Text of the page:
Reflection on Teaching English Language Learners

From 2007 to 2015, I had the privilege of teaching English as a foreign language in two different South Korean cities, Daegu and Gangneung. In the first three years, I taught at a private academy in Daegu and had students ranging from kindergarten age to senior citizens. In my final four years, I taught in a public middle school with grades seven to nine. For this reflection, I will focus on the experience I had in the Gangneung middle school.

This middle school had nine different classes in each grade, and the students had varying English abilities. This made instruction quite challenging as each class had students who were still mastering basic reading, with students who had studied overseas in English-speaking countries. This disparity in skill levels forced me to create lessons that were as flexible as possible to not exclude anyone. I encouraged group work when possible to make scaffolding easier for the students. Unlike most other native English teachers, I went from classroom to classroom, so the students were organized in rows of desks. Restructuring the learning environment to better suit the students’ needs was always a high priority.

The curriculum I was to teach was of questionable quality. There was an English textbook for each grade, and each chapter acted as a unit, with three lessons per chapter. Korea’s education system is still very much entrenched into the notion of standardized tests (such tests have been important there for millennia). What I included within my lessons was fairly open-ended, as long as I hit upon all the main topics for my section of the chapter. As long as the students were in good position for their midterms and final exams, I was given a wide berth to teach what I wanted.

Generally, my lesson would open with a five-minute review of the previous week’s lesson. Then I would introduce new content, and model its use. When the students were comfortable enough, they would use the content in a group activity of some sort that would often involve moving around to gather information (elements of total physical response). Once enough time had passed, I would call the class together, and go through the students’ responses to the activity. I would then add more detail to a previous point, or introduce a new point, and have an activity set up for the latter. The consolidation of the class would be students presenting their work on the final activity. I would also include extension type activities for students who finished the main activities quickly, and they could do these independently, or help each other out without distracting the others.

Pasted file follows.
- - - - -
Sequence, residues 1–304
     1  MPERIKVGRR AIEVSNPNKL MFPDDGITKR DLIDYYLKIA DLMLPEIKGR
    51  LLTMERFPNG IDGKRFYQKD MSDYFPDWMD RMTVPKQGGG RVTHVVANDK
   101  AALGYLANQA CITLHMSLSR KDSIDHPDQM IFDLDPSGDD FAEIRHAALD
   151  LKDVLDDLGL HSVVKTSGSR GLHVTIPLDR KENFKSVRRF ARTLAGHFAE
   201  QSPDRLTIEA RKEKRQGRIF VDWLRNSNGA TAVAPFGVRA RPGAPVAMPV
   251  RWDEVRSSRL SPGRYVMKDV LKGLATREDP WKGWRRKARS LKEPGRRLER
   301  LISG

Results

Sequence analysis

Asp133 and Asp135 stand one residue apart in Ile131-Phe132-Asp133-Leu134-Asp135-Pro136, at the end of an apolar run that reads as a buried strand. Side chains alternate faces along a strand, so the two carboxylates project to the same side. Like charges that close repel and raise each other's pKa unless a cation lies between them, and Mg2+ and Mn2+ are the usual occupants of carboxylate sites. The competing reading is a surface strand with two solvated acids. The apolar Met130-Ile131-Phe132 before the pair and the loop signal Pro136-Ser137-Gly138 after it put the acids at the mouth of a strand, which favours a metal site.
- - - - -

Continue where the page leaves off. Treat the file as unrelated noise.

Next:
The years I spent in Gangneung made it apparent how important it was to build an inclusive atmosphere where students did not need to feel uncomfortable in asking for help. It also taught me how to balance my desire to assist my students, and knowing when to let them try to figure things out on their own. I often had very high expectations for my students, and I was always exceedingly proud when I saw their progress grow by leaps and bounds.

Teaching ELL students in Ottawa presents a different set of challenges. Students in my practicum lessons benefited from my ability to clearly speak in terms they would understand. However, for lower level ELL students, I was not able to use the crutch of speaking their native tongue to deliver clearer instructions (something I could do in Korea). While I could get the students to understand the activity in the end, it would have been more expedient if I had an exemplar to model. My lessons in Korea were highly-visual, but my lessons during practicum lacked this component. Going forward, if I do not have enough time to create my own presentations for each lesson, I will be sure to at least have visuals for key points, so ELL students can better follow along.

I believe every second language learner has the potential to succeed in school if they are given the appropriate support. The many ESL students in my practicum were fortunate enough to have LRTs during science and math lessons. Their comprehension was greatly enhanced with the increased attention, and the smaller student-teacher ratio. Being able to incorporate staff properly, so their time is not wasted, will require differentiation within my lessons to better serve ELL students. It is also imperative that I place students strategically with each other, so that ELL students are with someone they trust enough to ask for help when it is needed.